Five variables were examined in the original model, on the assumptions that exponential growth accurately described their patterns of increase, and that the ability of technology to increase the availability of resources grows only linearly. These variables are: world population, industrialization, pollution, food production and resource depletion. The authors intended to explore the possibility of a sustainable feedback pattern that would be achieved by altering growth trends among the five variables…”
Famously, LtG was one of the earliest examples of using a computed to model the “real world”. Utilising a simple model known as World3, the authors of LtG looked how humanity interacted with the “global system”. Controversially they made the “prediction” that left unchecked, growth could lead to a kind of societal collapse.
While many have tried to ridicule LtG as being a simple fear mongering, a recent study from the CSIRO have tracked the predictions made by LtG and notes that they are actually in line with those made in 1972:
“In 2008 Graham Turner at the Commonwealth Scientific and Industrial Research Organisation (CSIRO) in Australia published a paper called “A Comparison of `The Limits to Growth` with Thirty Years of Reality”. It examined the past thirty years of reality with the predictions made in 1972 and found that changes in industrial production, food production and pollution are all in line with the book’s predictions of economic and societal collapse in the 21st century…”
One should note that LtG did not make specific predictions about dates or political developments. It simply noted that there is a finite supply of resources, and that at some point you will exhaust those.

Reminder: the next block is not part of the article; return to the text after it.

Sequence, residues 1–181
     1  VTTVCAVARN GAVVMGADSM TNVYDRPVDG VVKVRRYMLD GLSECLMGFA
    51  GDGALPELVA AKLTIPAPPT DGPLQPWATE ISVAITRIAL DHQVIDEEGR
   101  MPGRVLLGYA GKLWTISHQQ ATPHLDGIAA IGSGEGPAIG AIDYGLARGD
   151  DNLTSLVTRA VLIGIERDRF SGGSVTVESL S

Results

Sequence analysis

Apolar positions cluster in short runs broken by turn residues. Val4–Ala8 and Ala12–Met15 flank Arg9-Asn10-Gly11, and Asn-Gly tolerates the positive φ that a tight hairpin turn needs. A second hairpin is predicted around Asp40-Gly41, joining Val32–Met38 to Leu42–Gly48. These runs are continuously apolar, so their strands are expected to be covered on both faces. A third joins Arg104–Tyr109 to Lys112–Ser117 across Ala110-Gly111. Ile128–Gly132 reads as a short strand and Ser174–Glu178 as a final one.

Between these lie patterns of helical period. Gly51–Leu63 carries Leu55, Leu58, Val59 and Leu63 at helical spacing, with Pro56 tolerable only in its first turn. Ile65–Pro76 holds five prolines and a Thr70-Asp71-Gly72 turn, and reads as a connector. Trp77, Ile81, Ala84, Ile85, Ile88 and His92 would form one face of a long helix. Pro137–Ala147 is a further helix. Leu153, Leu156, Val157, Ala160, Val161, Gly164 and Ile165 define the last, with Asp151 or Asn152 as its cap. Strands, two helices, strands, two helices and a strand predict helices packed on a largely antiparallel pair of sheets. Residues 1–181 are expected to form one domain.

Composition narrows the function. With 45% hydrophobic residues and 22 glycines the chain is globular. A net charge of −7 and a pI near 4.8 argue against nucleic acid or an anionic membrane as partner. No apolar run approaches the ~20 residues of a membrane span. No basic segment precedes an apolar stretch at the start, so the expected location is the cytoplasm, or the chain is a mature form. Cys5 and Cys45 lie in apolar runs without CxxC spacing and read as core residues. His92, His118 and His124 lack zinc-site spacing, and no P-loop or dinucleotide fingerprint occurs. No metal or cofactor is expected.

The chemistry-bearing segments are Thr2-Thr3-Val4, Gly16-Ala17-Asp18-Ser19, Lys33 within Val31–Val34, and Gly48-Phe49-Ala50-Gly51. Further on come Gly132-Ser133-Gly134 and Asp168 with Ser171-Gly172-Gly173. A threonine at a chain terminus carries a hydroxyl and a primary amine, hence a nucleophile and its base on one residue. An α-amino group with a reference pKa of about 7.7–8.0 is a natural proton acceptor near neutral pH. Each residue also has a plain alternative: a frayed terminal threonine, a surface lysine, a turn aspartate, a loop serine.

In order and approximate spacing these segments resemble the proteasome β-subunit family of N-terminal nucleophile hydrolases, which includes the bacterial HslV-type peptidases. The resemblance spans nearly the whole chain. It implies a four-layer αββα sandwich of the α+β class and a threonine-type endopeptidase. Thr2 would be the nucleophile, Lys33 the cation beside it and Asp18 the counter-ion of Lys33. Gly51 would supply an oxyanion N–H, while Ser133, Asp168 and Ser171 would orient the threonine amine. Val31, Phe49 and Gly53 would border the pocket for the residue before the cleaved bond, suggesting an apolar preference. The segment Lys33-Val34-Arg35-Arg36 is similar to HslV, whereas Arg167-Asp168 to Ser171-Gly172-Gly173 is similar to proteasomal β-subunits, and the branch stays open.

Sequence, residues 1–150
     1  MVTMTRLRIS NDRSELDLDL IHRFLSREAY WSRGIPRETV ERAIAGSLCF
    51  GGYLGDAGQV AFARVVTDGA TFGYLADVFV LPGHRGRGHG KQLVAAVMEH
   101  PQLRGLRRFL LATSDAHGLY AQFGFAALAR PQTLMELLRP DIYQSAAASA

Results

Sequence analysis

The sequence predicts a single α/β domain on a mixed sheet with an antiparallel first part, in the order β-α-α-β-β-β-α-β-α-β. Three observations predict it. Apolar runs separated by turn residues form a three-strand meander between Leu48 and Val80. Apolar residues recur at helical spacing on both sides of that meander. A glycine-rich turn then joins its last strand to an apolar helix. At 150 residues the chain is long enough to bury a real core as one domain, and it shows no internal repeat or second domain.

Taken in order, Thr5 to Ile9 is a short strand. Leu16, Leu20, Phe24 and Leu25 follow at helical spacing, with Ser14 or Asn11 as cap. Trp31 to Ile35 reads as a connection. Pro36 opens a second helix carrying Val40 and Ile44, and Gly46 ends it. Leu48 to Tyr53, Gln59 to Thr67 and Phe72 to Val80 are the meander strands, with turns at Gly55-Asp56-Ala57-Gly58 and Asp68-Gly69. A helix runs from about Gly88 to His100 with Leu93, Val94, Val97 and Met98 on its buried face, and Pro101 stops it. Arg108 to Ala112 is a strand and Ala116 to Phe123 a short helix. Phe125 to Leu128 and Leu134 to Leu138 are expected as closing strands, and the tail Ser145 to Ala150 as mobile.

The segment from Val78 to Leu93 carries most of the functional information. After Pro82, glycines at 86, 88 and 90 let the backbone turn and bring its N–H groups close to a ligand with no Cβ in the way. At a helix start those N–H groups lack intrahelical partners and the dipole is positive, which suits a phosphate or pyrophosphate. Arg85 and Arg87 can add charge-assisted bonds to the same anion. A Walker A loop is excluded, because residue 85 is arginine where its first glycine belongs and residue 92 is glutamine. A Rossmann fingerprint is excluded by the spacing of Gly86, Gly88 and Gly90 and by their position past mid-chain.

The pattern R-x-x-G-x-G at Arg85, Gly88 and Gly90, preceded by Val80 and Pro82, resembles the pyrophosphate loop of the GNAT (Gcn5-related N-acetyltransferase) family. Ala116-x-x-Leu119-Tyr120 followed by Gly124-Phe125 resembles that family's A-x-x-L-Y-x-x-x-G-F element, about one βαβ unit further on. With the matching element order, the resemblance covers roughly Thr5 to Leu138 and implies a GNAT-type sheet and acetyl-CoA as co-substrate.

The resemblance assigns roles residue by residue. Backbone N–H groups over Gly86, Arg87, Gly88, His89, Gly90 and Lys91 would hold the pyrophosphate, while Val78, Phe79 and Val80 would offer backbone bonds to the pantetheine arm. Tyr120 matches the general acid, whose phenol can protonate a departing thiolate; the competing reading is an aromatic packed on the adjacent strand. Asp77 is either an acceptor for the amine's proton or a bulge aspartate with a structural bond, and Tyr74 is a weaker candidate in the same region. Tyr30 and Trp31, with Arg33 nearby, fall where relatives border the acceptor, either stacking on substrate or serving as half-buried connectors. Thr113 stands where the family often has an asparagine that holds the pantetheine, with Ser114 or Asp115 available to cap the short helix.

Without corrective measures, we could be heading for trouble.
The Icarus Effect: overconfidence and the failure of technology
So can we expect “end of the world” within the next few decades?
Perhaps not: I’m not going to alarm readers with cries of “The End is nigh, repent!”
But we might experience some nasty, disruptive shocks.
There is truth to the idea that in exhausting our resources and negatively impacting the environment, we’re setting the scene for future disasters. Those of us wanting policy makers and politicians to act on climate change are concerned about it’s disruptive effects on both our society and economy. It’s about prudent risk management, not an attempt to install a Communist world government.
And yet, as we march towards a world increasingly impacted by global warming both politicians and the general public seem deaf these concerns. Indeed, the science is becoming truly alarming.
My own pet explanation for this is what I call “The Icarus Effect”.
Famously in the myth of Icurus we see the combination of hubris and tragedy.
Icarus believed the wings his father devised to help them escape the confines of his prison on Crete allowed them to transcend all boundaries. His confidence emboldened him such that he ignored the warnings of his father not to fly to close the sun… and well, you know the story.
Icarus flew too close to the sun, and thus the wax that held his wings together melted and he plunged to his death in the Mediterranean sea.
Like Icarus, we may find that in ignoring the warnings – and trusting that our technology has “decoupled” us from all constraints – may lead to a rather nasty fall.
 Untangling the Environmentalist’s Paradox: Why Is Human Well-being Increasing As Ecosystem Services Degrade? Ciara Raudsepp-Hearne, Garry D. Peterson, Maria Tengö, Elena M. Bennett, Tim Holland, Karina Benessaiah, Graham K. MacDonald, and Laura Pfeifer